Any photograph of a surfer on a wave gives some idea of proportion. However, since a surfer basically shares the same plane as the wave’s face, one mainly gets a sense of height from a two-dimensional perspective. At Nazaré, however, most photographs of the surf are taken from a vantage point that includes groups of people on the bluff in front of the wave, allowing for a three-dimensional reading and thereby increasing the wave’s visceral impact.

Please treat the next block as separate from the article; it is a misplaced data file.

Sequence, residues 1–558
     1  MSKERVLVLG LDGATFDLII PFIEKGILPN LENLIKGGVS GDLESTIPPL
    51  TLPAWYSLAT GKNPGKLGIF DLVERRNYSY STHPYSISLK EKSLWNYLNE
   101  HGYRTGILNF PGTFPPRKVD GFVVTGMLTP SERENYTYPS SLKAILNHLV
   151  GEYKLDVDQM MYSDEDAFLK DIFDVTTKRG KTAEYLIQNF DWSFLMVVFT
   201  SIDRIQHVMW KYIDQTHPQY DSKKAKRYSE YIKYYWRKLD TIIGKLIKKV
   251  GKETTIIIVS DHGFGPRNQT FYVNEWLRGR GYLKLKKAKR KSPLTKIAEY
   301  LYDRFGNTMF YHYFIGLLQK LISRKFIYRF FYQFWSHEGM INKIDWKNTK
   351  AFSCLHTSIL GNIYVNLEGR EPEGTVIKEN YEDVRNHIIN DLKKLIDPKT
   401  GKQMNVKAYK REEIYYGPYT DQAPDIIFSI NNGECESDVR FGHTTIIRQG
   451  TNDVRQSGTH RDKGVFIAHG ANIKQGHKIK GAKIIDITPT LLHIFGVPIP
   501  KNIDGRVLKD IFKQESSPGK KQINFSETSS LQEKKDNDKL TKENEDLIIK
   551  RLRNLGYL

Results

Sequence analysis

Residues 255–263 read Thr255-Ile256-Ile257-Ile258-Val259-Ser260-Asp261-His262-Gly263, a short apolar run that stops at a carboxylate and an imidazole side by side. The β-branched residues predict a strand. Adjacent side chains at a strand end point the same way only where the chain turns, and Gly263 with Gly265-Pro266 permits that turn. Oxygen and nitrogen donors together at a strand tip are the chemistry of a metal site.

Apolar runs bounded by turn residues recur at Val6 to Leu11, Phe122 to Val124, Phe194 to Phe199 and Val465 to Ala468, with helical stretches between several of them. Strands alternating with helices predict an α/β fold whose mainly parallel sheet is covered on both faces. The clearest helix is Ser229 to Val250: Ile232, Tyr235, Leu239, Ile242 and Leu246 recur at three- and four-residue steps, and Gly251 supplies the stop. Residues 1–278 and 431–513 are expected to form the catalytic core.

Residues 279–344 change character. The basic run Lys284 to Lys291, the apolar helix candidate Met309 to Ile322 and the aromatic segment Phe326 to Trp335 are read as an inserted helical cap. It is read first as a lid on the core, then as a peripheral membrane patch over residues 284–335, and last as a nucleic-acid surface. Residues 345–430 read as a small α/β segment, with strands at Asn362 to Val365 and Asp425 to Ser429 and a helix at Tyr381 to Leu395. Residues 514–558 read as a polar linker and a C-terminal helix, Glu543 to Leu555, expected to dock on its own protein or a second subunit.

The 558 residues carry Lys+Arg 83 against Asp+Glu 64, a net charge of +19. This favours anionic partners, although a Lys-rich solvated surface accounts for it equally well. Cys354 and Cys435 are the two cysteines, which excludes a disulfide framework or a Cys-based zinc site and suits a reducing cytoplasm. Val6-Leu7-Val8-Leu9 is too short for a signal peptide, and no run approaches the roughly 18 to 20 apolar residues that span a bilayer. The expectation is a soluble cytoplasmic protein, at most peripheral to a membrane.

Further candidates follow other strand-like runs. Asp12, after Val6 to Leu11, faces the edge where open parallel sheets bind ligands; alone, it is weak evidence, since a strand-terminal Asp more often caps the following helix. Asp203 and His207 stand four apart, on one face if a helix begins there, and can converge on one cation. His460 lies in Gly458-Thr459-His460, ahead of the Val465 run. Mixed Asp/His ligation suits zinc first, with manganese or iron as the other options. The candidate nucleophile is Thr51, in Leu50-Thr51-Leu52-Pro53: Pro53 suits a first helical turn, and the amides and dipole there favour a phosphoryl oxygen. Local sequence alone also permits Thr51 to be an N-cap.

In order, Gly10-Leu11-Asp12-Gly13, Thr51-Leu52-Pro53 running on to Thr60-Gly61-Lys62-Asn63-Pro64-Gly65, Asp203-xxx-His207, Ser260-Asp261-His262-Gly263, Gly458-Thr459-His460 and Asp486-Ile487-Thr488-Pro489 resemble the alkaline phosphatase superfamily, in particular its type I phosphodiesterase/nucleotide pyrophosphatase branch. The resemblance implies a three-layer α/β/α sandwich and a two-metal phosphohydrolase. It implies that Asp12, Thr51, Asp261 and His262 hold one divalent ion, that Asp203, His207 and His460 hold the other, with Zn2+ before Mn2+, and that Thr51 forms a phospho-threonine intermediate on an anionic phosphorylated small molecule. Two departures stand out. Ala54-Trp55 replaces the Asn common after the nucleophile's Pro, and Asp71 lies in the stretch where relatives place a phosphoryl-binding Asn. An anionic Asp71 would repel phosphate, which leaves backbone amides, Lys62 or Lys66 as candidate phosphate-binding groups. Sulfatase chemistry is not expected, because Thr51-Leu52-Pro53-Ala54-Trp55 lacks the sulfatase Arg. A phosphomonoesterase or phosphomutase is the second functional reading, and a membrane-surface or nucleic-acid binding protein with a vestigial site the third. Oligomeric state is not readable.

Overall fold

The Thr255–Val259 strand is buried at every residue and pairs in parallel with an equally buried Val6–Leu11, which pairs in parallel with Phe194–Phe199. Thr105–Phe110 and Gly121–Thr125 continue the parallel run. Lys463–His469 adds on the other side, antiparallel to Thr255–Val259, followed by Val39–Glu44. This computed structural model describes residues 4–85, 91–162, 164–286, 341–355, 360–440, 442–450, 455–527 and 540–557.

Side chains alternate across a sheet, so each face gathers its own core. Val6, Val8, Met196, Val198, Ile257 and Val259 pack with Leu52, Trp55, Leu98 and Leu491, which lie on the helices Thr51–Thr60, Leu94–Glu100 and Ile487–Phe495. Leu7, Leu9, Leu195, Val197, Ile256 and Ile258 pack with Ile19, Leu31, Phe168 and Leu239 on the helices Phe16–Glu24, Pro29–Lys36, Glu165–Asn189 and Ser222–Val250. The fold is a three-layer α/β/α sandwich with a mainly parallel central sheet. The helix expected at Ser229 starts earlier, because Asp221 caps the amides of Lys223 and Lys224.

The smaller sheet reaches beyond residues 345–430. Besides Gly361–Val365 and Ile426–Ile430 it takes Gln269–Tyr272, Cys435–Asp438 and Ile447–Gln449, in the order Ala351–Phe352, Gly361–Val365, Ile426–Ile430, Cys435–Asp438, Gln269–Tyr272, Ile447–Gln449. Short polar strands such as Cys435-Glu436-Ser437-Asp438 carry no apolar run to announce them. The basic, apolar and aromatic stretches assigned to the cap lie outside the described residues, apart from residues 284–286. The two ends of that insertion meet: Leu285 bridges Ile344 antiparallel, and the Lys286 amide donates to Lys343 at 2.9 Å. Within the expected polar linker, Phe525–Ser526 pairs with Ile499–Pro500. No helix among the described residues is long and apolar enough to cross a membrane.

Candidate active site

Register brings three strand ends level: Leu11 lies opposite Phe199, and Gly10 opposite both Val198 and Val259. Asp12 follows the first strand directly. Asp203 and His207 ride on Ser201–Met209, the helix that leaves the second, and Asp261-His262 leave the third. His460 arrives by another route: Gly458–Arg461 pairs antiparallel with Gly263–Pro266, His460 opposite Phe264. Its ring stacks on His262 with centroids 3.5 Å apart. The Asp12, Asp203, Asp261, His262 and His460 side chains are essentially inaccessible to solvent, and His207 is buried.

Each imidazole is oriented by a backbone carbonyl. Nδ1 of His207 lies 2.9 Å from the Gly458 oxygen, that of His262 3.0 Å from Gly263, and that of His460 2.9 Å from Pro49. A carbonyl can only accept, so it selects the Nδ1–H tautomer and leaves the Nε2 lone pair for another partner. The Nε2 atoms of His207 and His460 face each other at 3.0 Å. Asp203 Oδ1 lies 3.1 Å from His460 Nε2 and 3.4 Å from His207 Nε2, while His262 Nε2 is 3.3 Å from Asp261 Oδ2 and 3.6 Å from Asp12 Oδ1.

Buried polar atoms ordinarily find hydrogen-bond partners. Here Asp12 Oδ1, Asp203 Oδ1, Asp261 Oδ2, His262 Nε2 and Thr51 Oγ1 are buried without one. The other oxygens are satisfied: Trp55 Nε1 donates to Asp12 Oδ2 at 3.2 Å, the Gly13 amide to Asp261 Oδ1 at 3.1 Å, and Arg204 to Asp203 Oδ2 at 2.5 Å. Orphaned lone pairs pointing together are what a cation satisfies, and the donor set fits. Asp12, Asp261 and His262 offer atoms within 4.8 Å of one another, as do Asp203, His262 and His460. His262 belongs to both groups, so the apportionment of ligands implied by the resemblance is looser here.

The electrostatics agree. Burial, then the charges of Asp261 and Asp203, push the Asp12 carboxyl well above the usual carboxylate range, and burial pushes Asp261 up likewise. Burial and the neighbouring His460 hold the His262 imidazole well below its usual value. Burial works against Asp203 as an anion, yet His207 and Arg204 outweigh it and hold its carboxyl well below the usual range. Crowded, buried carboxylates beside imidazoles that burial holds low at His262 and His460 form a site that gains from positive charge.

The fishing boats in Hokusai’s The Great Wave do something similar. The small boat directly underneath the breaking wave is roughly on the same plane as the wave itself, but the one in the sea, closer to the foreground, provides a second reference point, allowing one to compare the scale of the boats and, taken with Mount Fuji in the background, adds greatly to the wave’s three-dimensionality and a feeling for its mass. Photos taken from a water angle at places like Teahupoo, where the back of the wave can be observed (sometimes with boats and other surfers in the frame on the shoulder) have a comparable effect.